As you now know, the thyroid gland is where the production and secretion of the hormones T3 and T4 take place. But what are the functions of the it?This gland is responsible for regulating the body’s metabolic rate as well as heart and digestive function, muscle control, brain development, mood, and bone maintenance. Its correct functioning depends on having a good supply of iodine from the diet.

The Metabolic Rate

Your metabolic rate is the rate at which your body burns calories. You can separate the types of calories your body burns into two categories: resting calories or activity calories. Even when we’re just sitting on the couch watching TV, our body is burning calories. This is your baseline or basal metabolic rate and in fact, accounts for about 60–75 percent of the total amount of energy you burn. While at rest, your organs and essential biological functions are still working hard for you, which is why we need energy in the form of nutrition even when we’re inactive.

When energy is used for things like eating, walking, and other physical activity it is called thermogenesis. A few examples of specific metabolic effects of thyroid hormones include: Increased thyroid hormone levels stimulate lipid metabolism. This is the process of using fat for energy or storing it in the body for later use. Thyroid hormones also stimulate almost all aspects of carbohydrate and glucose metabolism.

Support a healthy thyroid

There are numerous natural techniques you can utilize to help boost the health and function of your thyroid gland. Reduce Stress. Stress is a natural part of life. However, today, more people are experiencing higher levels of stress, which can wreak havoc on our health. Living in a constant state of fight or flight can tax the adrenal glands. This can suppress the hypothalamus and pituitary glands. Both of which directly influence function. Find ways to minimize stress through calming activities that you enjoy.

Get Rest. The body requires sleep for overall health and healing. However, thyroid conditions can impact sleep patterns, which lead to adverse health effects. Adults need from 7 to 9 hours each night. Keep in mind if you miss a few hours, you can’t ‘catch-up’ later on. If you have trouble sleeping, try eating dinner at least two hours before bed. Have a cup of calming herbal tea, and dab a few drops of lavender oil on the bottoms of your feet.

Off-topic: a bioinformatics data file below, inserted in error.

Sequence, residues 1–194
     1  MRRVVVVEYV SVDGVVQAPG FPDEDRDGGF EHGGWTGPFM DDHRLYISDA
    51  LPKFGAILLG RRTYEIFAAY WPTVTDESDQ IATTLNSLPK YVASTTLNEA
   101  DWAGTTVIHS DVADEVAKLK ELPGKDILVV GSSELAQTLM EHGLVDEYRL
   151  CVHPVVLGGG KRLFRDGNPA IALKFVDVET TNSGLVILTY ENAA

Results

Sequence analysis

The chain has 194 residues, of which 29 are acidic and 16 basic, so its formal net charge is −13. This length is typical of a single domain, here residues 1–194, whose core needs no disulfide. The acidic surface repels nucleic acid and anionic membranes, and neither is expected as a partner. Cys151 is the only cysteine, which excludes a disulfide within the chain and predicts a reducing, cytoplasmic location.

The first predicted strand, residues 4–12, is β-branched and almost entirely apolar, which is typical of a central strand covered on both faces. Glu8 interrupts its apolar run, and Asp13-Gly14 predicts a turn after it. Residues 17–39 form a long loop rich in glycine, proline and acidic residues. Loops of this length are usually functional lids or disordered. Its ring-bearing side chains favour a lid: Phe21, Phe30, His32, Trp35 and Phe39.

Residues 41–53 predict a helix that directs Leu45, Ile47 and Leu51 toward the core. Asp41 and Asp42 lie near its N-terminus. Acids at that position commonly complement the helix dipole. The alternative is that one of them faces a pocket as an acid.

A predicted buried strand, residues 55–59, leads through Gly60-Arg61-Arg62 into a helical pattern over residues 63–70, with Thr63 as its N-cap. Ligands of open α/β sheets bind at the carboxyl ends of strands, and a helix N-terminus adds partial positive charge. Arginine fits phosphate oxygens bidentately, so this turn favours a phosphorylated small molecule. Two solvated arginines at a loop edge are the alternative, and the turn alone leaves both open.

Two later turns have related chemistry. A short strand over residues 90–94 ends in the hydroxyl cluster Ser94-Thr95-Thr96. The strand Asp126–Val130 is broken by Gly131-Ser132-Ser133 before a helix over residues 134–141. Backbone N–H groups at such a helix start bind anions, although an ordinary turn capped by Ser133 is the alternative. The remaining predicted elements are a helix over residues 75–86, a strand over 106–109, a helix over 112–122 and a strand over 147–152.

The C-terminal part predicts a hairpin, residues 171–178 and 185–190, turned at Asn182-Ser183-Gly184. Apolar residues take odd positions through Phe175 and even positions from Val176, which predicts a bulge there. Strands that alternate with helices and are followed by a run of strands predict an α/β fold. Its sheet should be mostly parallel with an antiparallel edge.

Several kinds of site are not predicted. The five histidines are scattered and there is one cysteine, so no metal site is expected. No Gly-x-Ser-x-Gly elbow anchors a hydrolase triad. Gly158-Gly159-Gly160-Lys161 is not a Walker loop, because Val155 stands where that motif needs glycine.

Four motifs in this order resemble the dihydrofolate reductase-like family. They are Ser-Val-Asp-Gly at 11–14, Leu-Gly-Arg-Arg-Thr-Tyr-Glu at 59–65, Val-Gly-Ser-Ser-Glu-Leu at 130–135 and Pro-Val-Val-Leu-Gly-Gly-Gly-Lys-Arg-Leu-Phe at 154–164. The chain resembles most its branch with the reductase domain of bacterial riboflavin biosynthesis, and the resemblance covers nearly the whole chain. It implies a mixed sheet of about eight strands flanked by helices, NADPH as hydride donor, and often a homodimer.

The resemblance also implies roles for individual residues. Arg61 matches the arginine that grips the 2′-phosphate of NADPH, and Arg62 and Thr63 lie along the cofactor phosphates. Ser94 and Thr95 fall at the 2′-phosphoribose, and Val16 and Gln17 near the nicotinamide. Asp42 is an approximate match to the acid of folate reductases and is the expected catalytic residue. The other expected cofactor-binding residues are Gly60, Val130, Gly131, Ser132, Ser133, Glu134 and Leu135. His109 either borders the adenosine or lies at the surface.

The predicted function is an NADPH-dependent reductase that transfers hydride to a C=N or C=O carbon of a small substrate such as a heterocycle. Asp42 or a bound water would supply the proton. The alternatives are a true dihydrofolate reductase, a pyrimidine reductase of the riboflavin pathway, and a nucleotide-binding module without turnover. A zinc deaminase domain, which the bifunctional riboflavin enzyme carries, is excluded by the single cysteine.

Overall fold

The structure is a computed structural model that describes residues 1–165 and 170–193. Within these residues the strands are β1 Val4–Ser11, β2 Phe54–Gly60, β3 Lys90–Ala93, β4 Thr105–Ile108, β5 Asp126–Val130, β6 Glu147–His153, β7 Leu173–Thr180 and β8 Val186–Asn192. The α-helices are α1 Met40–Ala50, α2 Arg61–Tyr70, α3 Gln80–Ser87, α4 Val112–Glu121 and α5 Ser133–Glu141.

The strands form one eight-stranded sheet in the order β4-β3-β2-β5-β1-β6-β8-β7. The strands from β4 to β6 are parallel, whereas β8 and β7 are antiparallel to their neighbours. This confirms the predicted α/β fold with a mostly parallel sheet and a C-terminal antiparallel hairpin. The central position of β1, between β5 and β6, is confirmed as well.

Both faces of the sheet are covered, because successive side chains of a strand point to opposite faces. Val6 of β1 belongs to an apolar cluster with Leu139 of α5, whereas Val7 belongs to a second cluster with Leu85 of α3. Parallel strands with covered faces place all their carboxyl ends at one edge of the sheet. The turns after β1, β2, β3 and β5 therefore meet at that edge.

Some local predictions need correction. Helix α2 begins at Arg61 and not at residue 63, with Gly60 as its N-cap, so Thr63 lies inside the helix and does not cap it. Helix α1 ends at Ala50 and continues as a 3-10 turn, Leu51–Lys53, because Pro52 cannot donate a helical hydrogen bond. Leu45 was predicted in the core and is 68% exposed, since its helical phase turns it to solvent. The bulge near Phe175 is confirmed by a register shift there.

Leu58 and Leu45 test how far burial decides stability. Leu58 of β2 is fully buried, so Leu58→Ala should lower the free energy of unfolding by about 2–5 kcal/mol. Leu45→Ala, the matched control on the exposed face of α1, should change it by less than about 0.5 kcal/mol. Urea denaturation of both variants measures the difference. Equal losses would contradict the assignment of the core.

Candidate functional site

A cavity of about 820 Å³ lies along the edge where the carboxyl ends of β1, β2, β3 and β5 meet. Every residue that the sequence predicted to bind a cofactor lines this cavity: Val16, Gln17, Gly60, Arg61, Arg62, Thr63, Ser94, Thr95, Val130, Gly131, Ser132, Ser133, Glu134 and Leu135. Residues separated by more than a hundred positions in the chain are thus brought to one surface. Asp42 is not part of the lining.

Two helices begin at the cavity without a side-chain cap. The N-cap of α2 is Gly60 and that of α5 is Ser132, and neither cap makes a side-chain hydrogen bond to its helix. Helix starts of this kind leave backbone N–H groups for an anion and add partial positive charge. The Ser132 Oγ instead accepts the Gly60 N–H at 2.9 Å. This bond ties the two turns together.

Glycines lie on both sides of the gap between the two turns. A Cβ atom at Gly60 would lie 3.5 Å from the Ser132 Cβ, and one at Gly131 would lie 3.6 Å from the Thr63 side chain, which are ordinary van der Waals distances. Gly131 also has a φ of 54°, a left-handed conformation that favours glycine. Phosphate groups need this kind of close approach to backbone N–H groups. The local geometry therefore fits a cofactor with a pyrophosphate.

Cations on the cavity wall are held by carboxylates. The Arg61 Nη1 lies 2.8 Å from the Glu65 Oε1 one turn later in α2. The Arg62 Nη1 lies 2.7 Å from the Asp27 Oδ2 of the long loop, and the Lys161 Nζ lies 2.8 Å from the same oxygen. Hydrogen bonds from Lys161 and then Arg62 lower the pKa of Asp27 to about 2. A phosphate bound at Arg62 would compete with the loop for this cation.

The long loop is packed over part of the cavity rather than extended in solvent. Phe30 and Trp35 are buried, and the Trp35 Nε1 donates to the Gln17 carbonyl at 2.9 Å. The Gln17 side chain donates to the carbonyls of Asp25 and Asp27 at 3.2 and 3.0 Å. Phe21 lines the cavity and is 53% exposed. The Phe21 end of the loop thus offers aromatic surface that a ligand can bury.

Move Daily. Physical activity is excellent for assisting in hormone production! If you’re experiencing a sluggish metabolism, aim for at least 30 minutes a day of low-intensity exercise. Walking is a wonderful way of achieving this.

Eliminate sugar and alcohol. Refined sugar and carbohydrates, as well as alcohol, can wreak havoc on your body and your thyroid. These foods cause inflammation, weight gain, and blood sugar issues. If you have a sweet tooth, turn to fresh fruit.

Foods that support the thyroid

A diet rich in essential vitamins and minerals, such as selenium, iodine, zinc, thiamine, B12, and vitamin D can help heal your thyroid and reduce inflammation. Fill your plate with dark leafy greens, quality fats, and plant-based protein sources. You can also test out incorporating more sea vegetables like seaweed into your diet. In fact, just one dried sheet of dried seaweed contains well above the daily recommended value of iodine.

I hope you learned some interesting things about this marvelous mysterious gland.

Leave a Comment

Your email address will not be published. Required fields are marked *

error

Enjoy this blog? Please spread the word :)